As predicted immediately following the recent 2nd Amendment Supreme Court ruling, the gun banning crowd is right back at their attempts to abridge your God given rights as citizens of the United States. Once again, the attempt is to make owning a gun so cost or time prohibitive that people will “voluntarily” disarm. No other inalienable right do you have to pay and register to obtain. The very thought of registering for a right is offensive to the concept of liberty and the Bill of Rights. However, your right to self defense is a pay of service right, at least to the city of Chicago. Years and years of virtual gun bans in the city have done nothing except turn a criminal class loose on the unprepared public. Chicago leads the nation is number of murders a year. Obviously these gun banning schemes can not realistically be viewed as being in the interest of public safety.
Grumbling about a U.S. Supreme Court they say is out of touch with America’s cities, Chicago aldermen voted 45-0 today to approve a rushed-through compromise gun ban.
The law, weaker than the gun ban tossed out Monday but with some even stronger new provisions, allows adults in Chicago to buy one gun a month, 12 a year, but they must pay registration and permit fees and take five hours of training.
Within 100 days, anyone who wants to keep a gun in the city will have to register, get their training and pay the fees. Also within 100 days, any of the estimated 10,000 Chicagoans convicted of a gun offense will have to register at their local police station like sex offenders.
Police Supt. Jody Weis said that new list of where criminals live in Chicago will help police do their jobs: “Armed with knowledge is our greatest asset,” Weis said.
Chicago’s ban was the nation’s strictest. While New York City, Washington, D.C., Baltimore and other cities have adopted some of the provisions Chicago enacted today, Mayor Daley and his city attorney Mara Georges did not dispute that these gun restrictions are probably the nation’s “most comprehensive.”
The aldermen did not hold back their contempt for the five members of the U.S. Supreme Court who threw out the city’s gun ban Monday.
“No Supreme Court judge could live in my community and come to the same conclusion they did a couple days ago,” Ald. Sharon Denise Dixon (24th) said.
“I find it hard to believe that the Supreme Court justices that voted to strike our handgun laws have spent any time in the communities that many of us represent,” Ald. Toni Preckwinkle (4th) said.
“There’s no way if they knew the violence our young people face every day that they could decide this was a reasonable course of action.”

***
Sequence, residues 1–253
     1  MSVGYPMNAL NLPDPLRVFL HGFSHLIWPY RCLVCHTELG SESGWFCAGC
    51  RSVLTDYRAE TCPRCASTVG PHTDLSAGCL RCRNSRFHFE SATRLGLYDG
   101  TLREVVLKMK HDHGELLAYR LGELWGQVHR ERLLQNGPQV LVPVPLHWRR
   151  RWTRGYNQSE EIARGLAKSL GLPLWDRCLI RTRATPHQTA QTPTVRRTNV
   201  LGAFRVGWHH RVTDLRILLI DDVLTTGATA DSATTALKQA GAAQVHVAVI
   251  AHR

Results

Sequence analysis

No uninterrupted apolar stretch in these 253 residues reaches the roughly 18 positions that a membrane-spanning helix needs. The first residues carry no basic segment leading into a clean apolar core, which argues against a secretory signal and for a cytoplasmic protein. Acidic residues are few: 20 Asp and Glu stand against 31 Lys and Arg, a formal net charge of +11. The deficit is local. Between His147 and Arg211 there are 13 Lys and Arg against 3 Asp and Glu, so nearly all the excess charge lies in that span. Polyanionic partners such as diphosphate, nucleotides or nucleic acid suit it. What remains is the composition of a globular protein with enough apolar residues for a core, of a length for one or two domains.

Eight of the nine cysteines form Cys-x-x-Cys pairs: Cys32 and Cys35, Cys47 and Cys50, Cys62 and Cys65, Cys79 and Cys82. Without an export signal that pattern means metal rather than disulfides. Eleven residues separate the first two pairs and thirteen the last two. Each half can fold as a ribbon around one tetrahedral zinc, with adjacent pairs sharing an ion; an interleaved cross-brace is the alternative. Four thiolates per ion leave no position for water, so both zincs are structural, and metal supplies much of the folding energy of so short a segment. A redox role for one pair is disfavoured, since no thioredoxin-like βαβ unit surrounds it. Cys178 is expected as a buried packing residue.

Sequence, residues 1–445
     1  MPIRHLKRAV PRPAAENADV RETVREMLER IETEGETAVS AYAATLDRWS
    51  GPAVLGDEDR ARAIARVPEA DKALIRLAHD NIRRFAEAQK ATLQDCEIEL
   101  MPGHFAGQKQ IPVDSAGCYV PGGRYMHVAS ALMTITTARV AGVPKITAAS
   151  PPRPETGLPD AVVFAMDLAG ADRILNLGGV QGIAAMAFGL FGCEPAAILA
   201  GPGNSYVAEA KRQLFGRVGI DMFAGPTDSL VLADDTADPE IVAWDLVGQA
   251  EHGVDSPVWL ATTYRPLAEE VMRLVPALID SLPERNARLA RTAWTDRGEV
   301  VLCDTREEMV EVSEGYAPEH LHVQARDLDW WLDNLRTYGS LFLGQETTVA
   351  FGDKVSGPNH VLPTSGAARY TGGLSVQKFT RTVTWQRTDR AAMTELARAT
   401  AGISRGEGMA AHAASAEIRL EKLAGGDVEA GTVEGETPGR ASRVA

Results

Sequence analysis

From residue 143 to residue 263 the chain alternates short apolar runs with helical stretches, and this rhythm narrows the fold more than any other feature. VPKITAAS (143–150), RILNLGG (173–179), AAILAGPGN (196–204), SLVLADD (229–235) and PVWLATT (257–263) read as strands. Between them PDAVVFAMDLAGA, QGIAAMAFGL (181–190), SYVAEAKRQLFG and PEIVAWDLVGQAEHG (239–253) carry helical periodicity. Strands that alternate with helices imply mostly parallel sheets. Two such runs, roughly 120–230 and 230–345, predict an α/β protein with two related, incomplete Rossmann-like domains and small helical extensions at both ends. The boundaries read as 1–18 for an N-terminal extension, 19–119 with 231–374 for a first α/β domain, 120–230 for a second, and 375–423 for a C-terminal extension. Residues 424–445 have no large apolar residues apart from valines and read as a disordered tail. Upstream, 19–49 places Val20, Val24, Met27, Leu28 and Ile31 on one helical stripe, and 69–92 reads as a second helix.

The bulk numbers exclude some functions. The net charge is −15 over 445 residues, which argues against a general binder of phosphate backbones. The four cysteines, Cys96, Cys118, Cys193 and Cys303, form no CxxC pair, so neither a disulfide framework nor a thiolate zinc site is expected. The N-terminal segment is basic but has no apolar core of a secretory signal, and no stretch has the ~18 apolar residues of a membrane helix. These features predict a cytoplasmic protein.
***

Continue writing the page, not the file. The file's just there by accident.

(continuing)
The court ruled Monday that the 2nd Amendment, which states, “A well regulated Militia, being necessary to the security of a free State, the right of the people to keep and bear Arms, shall not be infringed” means that Chicago cannot prohibit residents from keeping handguns in their homes.
Ald. Mary Ann Smith (48th) said that law was written for militias and, “they guaranteed the right to carry around muskets not Uzis.”
But Ald. Ed Burke (14th) retorted, “We can disagree with the Supreme Court all we want, but … this is the law and we’re going to have to follow it.”
Burke even went so far as to say perhaps the 1982 gun ban he championed earlier in his career went too far.
“I have to confess that back in 1982, when I was chair of the police committee that perhaps I and so many others that voted in favor of this ordinance exhibited too much ardor for the ban and we perhaps we should have been more sensitive to weighing the rights of legitimate citizens to have weapons.”
Burke spearheaded the drive to include the registry of gun offenders, which he notes New York City and Baltimore have. He defended the provision against Ald. Howard Brookins (21st), who said it might unfairly taint someone arrested for accidentally leaving the perimeter of their home with his or her registered gun.
“All the gang-bangers out there who have been convicted of gun offenses who think that they can flaunt this law, they’re going to be locked up,” Burke said. “Each day that you don’t register, it’s a separate offense. If you don’t register for 365 days, that’s 365 offenses.”
The city can lock someone up for up to six months, Georges said,
“If someone wants to come and take your daughter out on a date, don’t you have an legitimate interest in knowing whether or not that person. . .has been convicted of an aggravated battery with a gun?” Burke asked.
At the beginning of the week, Daley and Georges hoped to introduce an ordinance allowing residents to own just one handgun. But as the week went on and city lawyers assessed their chances of getting these laws held up under the Supreme Court’s new decision, they watered it down.
It’s still too strict for gun rights activists who spoke before the meeting. Georges said she fully expects to be challenged in court but she expects the package of laws will pass muster.
Gun rights activists point to statistics showing that jurisdictions that allow people to keep guns in their homes see drops in violent crime. But the aldermen unanimously rejected that claim, saying experts who testified before City Council committees this week convinced them that statistic is flawed.
“If people bothered to read as opposed to getting their news from the ‘Tea Party Times,’ they would understand and see that there is more harm done by the proliferation of handguns than there is benefit,” said Ald. Freddrenna Lyle (6th).